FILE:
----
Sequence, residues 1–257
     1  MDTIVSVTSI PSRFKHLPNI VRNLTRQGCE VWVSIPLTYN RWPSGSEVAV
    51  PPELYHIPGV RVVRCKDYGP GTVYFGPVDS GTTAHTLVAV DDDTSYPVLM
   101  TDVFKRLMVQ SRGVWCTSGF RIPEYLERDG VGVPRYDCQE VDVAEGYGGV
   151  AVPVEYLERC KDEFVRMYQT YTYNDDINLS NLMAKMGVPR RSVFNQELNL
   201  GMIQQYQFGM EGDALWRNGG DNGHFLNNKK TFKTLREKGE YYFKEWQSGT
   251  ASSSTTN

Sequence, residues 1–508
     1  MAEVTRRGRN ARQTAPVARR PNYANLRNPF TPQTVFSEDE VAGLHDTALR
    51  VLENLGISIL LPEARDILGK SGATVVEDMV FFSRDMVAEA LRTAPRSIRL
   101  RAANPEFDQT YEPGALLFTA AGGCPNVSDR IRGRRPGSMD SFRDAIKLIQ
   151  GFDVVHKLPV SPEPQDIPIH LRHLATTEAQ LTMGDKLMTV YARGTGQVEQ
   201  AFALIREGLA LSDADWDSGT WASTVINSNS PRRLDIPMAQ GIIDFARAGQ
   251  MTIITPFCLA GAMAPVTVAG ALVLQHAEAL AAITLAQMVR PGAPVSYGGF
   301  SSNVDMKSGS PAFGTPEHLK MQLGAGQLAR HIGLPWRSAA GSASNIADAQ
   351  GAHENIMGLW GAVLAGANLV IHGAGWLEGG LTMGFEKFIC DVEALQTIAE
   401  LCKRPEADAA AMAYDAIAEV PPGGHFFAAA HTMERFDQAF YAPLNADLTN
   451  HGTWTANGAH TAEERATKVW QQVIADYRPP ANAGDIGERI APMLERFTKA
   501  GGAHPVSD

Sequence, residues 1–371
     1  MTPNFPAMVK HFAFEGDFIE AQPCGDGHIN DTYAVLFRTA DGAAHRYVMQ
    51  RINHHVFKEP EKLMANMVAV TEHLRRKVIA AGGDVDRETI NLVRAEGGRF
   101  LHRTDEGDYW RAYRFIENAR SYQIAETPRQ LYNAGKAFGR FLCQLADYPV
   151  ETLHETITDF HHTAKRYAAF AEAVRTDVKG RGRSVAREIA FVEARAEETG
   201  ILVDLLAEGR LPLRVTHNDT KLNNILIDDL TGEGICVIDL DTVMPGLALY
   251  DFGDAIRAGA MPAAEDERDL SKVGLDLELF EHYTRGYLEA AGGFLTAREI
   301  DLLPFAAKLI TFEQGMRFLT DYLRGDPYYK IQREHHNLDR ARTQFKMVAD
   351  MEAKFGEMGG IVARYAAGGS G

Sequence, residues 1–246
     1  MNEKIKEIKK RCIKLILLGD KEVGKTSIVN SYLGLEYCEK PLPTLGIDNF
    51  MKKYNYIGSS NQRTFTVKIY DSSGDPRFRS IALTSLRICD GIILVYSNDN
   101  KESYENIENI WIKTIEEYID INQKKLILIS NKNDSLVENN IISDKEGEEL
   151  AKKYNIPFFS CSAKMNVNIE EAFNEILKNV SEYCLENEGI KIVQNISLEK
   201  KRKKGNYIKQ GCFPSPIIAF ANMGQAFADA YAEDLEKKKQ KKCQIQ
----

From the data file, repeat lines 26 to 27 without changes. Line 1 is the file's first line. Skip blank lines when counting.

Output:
   251  DFGDAIRAGA MPAAEDERDL SKVGLDLELF EHYTRGYLEA AGGFLTAREI
   301  DLLPFAAKLI TFEQGMRFLT DYLRGDPYYK IQREHHNLDR ARTQFKMVAD